• Slightly red front or
edges. Thin white TC
• Red or normal body.
Yellow TC
• Nutritive Ying Level
• No coating
• Blood Level
• No coating
Six Stages Tongue Signs
Stage
• Tai Yang
Body
Unchanged
• Yangming Red
• Shao yang Unchanged
Fur
• Thin, white, possibly
around center or front
• Yellow, thick and dry
• White and slippery on
one side only
or white and gray
or white and black
Summary of Tongue Signs in
Externally Contracted Cold or Heat
• Six Stages
• For Levels
• Three Burners
Six Stages Tongue Signs
Stage
Body
Fur
• Tai Yin
Pale
• White
• Shao Yin
– Cold
– Heat
Pale
Red
• White
• No coat
• Jue Yin
Unchanged
• White and yellow
because of both heat
and cold signs
Identification by Three Burners:
Upper Burner
• Wind heat in
the lungs
• Slightly red on
front or edges
• Yellow
• Lung Heat
• Red
• Yellow
• Pericardium
Heat
• Deep red, red
points
• No coat
Identification by Three Burners:
Middle Burner
• Heat in
Yangming
•Scarlet red
• Yellow dry
• Liver
•Scarlet red
• Sticky yellow
Identification by Three Burners:
Lower Burnerl
• Kidneys
•Deep red
• No coating
• Liver
•Deep red
• No coating
Western Conditions of the Tongue
and Oral Cavity
Normal Circumvallate Papillae
(taste buds) and thick damp tongue
coat
White Hairy Tongue
• Thick white tongue
coat indicates
dampness
• Peeled red sides
indicates deficient
heat in Liver or
Gallbladder
• May have oral
candida
Black hairy tongue
• Hot or cold?
• State of yin?
• Look at the lips
• Black Hairy Tongue is an elongation of the taste buds
combined caused by poor oral hygiene, fungus, chronic
oral irritation or smoking. This patient was treated
with radiation therapy cancer and has chronic oral
inflammation. Treatment involves good oral hygiene,
brushing of the tongue, mouth rinses and sometimes the
trimming of the elongated papilla. Same patient after
two months of oral hygeine.
Black hairy tongue due to GERD before
and after reflux treatment, with
antifungal meds and tongue brushing.
Black tongue from antibiotic use
• Stagnation indicated
by dark color
• Black tongue can be
fungal reaction to cold
antibiotics
• Wet tongue- damp
• Spleen and Stomach
show damage
Dampness with Deficient Heat
• Extreme mold
disease, lupus, and
celiac.
• Note cracks in the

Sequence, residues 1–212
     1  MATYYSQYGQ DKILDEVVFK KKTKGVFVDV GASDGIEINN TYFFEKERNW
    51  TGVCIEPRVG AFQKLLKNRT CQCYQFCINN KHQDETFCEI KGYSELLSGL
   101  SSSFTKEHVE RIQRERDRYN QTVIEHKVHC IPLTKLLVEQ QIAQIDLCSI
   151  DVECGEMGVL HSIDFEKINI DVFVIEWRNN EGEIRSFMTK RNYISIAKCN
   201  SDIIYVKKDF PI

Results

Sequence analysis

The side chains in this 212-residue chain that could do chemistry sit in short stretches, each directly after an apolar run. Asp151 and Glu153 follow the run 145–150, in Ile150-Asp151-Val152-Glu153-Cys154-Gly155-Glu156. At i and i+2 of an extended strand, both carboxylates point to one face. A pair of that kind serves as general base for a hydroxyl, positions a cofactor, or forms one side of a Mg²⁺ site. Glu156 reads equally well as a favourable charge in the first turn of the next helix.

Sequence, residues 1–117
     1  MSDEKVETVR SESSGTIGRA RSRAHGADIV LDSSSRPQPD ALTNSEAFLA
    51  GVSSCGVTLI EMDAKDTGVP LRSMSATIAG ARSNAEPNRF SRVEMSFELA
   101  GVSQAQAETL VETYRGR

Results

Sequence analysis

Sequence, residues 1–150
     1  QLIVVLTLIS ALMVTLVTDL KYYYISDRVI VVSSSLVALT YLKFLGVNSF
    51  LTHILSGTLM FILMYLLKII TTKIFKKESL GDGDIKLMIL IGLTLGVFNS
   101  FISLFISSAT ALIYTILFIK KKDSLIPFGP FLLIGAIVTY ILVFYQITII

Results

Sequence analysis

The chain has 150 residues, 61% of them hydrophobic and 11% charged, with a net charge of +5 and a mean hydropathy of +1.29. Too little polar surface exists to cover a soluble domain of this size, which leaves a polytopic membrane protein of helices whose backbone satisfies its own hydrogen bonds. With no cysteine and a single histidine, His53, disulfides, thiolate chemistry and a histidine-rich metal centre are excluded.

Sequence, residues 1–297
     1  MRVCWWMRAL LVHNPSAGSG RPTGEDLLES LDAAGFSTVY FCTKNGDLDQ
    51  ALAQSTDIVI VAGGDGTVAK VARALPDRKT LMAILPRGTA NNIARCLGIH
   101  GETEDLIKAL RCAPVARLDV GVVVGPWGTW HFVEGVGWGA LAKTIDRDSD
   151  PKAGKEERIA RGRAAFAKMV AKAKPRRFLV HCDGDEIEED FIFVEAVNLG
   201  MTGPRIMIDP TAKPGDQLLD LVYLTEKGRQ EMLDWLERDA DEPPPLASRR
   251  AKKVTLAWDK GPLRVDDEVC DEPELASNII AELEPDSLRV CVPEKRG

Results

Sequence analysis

tongue due to yin
deficiency
• Heat in heart at the
tip, but yin is burning
out;
• Blackness due to
extreme damp
Ankyloglossia (Tongue tie)
Is this heart yin?
Pale red tongue, thin white coat,
petacchie not red,
Ankloglossia
Mild red color, thin white coat, no sublingual veins, lots of
fillings so perhaps poor diet and mercury issues. Do you think
the attached frenulum means anything?
• Macroglossia can be
related to primary and
myeloma-related
amyloidosis.
Macroglossia is also a
clinical feature in
congenital
hypothyroidism, and
immuno-deficiency
• Severe yin deficiency
• Not much heat showing
Thrush (candida)
• What is this on the upper palate?
• How would you describe it in TCM terms?
Fissured or scrotal tongue
•
Normal color, thin white coat, perhaps the central crack is yin
deficiency, perhaps not. Benign condition often seen with Down’s
syndrome
Fissured or scrotal tongue with
geographic tongue coat
Geographic tongue
• Geographicness may
have no particular
meaning but you still
can see a lot
• Red tongue body
• Wet, especially on
sides
• Possible phlegm
dampness in Spleen
and Lower Jiao
Geographic Tongue
(western explanation)
Other Names:
• Patches on the tongue; Patchy tongue; Benign migratory
glossitis
Causes
• The specific cause of geographic tongue is unknown,
although vitamin B deficiency may be involved. Other
causes may include irritation from hot or spicy foods, or
alcohol. The condition appears to be less common in
those who smoke.
• The pattern on the surface of the tongue may change
very rapidly. This pattern changes occur when there is a
loss of the tiny finger-like projections, called papillae, on
the tongue's surface. This makes areas of the tongue
flat. These areas are said to be "denuded." Denuded
areas may persist for more than a month
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Geographic tongue
Damp
Heat?
Locus of peeling may
or may not be
important
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Geographic tongue
Heat
Swollen